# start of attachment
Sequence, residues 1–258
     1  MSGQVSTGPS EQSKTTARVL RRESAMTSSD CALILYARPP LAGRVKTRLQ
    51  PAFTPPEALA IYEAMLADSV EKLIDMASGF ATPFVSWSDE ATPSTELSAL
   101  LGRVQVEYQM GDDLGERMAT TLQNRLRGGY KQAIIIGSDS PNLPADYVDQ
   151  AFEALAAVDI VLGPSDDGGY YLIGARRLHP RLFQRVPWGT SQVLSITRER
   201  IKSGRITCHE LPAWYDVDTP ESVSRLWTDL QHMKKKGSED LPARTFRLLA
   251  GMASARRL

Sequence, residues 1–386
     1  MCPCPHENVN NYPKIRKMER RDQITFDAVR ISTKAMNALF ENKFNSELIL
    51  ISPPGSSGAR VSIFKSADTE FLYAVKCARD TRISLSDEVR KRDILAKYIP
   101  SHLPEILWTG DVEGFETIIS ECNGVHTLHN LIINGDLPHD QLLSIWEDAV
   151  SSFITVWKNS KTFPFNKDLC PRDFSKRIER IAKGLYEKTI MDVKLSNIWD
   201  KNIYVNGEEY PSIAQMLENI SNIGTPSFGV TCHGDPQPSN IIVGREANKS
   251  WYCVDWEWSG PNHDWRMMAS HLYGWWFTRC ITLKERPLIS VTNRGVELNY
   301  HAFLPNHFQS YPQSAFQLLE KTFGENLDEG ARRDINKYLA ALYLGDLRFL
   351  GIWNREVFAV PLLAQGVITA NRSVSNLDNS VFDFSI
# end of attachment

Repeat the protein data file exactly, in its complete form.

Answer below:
Sequence, residues 1–258
     1  MSGQVSTGPS EQSKTTARVL RRESAMTSSD CALILYARPP LAGRVKTRLQ
    51  PAFTPPEALA IYEAMLADSV EKLIDMASGF ATPFVSWSDE ATPSTELSAL
   101  LGRVQVEYQM GDDLGERMAT TLQNRLRGGY KQAIIIGSDS PNLPADYVDQ
   151  AFEALAAVDI VLGPSDDGGY YLIGARRLHP RLFQRVPWGT SQVLSITRER
   201  IKSGRITCHE LPAWYDVDTP ESVSRLWTDL QHMKKKGSED LPARTFRLLA
   251  GMASARRL

Sequence, residues 1–386
     1  MCPCPHENVN NYPKIRKMER RDQITFDAVR ISTKAMNALF ENKFNSELIL
    51  ISPPGSSGAR VSIFKSADTE FLYAVKCARD TRISLSDEVR KRDILAKYIP
   101  SHLPEILWTG DVEGFETIIS ECNGVHTLHN LIINGDLPHD QLLSIWEDAV
   151  SSFITVWKNS KTFPFNKDLC PRDFSKRIER IAKGLYEKTI MDVKLSNIWD
   201  KNIYVNGEEY PSIAQMLENI SNIGTPSFGV TCHGDPQPSN IIVGREANKS
   251  WYCVDWEWSG PNHDWRMMAS HLYGWWFTRC ITLKERPLIS VTNRGVELNY
   301  HAFLPNHFQS YPQSAFQLLE KTFGENLDEG ARRDINKYLA ALYLGDLRFL
   351  GIWNREVFAV PLLAQGVITA NRSVSNLDNS VFDFSI